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Sightsavers’ BLINK exhibition scoops multiple awards

December 2020
Sightsavers' BLINK exhibition in London, featuring the BLINK logo and the Sightsavers logo.
Sightsavers' BLINK exhibition in London.

One year after it was exhibited, Sightsavers’ innovative photography exhibition BLINK has won another prestigious award.

BLINK – The End is in Sight was recognised this November at the Charity Event Awards as the winner of Most Innovative Event.

This follows on from a win in the Experiential Design category at the Drum Design Awards, where BLINK was also commended in the Design for Good category, as well as a win in the Red Dot awards for the Design Communication award where it was also named the Best of Best. The exhibition also made it to the finals of the FX Design Awards for Project of the Year as well as being highly commended by Design Week in their annual awards.

The exhibition featured the work of fashion photographer Nick Knight; the late David Goldblatt; and photojournalists Kate Holt, Georgina Cranston and Tommy Trenchard, among others. They were all asked to donate images of a sight they would miss if they were to lose their vision.

It was held at London’s iconic OXO gallery in October 2019 and gave visitors an insight into what it’s like to live with trachoma, a neglected tropical disease that causes a slow and painful deterioration in eyesight. The infection starts like conjunctivitis but, if left untreated, can cause years of agony as the eyelashes turn inward and scratch the eyeball – irreversibly damaging eyesight.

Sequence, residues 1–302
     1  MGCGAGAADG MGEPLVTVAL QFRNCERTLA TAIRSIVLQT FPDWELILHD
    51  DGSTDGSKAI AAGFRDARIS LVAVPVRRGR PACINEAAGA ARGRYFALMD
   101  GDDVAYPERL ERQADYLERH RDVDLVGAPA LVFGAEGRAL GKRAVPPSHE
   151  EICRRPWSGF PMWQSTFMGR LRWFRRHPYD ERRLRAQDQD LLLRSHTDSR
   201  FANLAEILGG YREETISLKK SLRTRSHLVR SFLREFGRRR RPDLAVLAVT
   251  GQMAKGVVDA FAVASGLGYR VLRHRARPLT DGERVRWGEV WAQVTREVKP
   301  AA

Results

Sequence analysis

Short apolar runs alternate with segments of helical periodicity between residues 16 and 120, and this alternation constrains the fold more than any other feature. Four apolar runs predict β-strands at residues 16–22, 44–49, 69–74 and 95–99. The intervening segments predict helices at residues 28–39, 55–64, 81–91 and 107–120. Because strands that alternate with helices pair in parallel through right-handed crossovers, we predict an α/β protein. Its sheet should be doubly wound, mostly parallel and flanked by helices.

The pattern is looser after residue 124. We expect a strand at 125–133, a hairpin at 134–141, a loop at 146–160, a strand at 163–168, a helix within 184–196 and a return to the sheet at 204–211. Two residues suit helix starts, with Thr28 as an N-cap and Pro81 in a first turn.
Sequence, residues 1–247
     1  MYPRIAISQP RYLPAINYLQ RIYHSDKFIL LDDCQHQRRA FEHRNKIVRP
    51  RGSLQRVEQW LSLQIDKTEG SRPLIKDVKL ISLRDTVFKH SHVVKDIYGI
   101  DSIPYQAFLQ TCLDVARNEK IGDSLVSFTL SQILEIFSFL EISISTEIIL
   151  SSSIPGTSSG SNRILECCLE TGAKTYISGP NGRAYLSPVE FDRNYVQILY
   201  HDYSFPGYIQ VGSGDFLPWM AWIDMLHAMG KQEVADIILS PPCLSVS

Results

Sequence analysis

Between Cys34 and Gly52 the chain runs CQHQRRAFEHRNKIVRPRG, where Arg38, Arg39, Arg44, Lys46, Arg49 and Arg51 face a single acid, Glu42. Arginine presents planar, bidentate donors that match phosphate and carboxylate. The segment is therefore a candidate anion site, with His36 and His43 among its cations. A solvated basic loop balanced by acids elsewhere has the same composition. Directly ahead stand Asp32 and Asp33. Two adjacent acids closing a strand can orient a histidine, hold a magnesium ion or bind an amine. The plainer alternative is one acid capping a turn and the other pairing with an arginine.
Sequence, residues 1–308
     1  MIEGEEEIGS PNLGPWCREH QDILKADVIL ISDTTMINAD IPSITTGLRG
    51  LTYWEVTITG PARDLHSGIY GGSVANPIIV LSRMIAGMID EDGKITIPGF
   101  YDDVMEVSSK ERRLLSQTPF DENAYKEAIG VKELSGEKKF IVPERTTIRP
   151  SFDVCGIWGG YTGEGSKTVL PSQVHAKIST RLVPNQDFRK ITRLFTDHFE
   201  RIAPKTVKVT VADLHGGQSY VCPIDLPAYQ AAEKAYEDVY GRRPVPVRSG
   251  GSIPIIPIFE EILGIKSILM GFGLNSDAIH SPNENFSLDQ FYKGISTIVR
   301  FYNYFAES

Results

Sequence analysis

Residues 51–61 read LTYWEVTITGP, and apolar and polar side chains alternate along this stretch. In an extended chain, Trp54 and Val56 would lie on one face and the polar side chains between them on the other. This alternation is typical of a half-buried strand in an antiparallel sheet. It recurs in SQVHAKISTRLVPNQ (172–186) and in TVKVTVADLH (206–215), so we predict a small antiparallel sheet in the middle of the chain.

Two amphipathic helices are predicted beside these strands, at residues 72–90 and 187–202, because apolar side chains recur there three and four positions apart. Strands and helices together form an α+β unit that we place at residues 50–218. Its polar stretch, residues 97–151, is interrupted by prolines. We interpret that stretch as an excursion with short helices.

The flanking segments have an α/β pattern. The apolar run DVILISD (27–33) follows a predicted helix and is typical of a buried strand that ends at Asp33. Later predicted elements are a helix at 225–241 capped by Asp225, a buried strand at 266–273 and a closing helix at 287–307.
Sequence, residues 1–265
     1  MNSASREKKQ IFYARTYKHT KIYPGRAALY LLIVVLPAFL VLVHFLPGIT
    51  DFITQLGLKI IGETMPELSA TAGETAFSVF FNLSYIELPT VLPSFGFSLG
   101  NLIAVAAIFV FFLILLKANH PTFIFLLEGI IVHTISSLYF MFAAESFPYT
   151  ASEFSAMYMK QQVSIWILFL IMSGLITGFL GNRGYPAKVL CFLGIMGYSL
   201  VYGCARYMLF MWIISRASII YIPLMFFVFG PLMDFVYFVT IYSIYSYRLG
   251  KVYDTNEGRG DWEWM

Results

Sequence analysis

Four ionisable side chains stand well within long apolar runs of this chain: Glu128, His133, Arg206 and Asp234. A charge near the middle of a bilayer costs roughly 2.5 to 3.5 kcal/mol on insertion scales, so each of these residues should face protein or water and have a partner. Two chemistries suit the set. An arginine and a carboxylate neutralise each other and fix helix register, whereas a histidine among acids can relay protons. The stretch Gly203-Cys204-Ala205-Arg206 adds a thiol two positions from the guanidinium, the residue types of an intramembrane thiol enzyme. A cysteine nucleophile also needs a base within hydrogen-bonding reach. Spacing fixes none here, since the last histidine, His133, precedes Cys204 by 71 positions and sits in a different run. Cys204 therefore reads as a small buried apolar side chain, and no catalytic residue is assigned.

MET Studio, alongside Barker Langham and Jason Bruges Studio, helped to develop the exhibition. They created an interactive experience that provided an artistic illustration of the sight loss associated with trachoma. The digital photographs on display slowly deteriorated over the course of the exhibition, triggered by the blinks of those viewing them – the more blinks, the greater the rate of decay. By the end of the exhibit, the photographs were almost unrecognisable.

In areas with limited access to healthcare, such as rural parts of Africa, people infected with trachoma often turn to homemade methods of dealing with the pain and discomfort, such as plucking out their eyelashes every few days. The disease can force people to give up their livelihoods and become reliant on members of the family or community.

Sightsavers is working across Africa and Asia to eliminate trachoma. The infection can be cured with antibiotic treatments costing as little as 15 pence, and, in the later stages of the disease, a quick operation can fix the discomfort and often restore sight – and people’s livelihoods.

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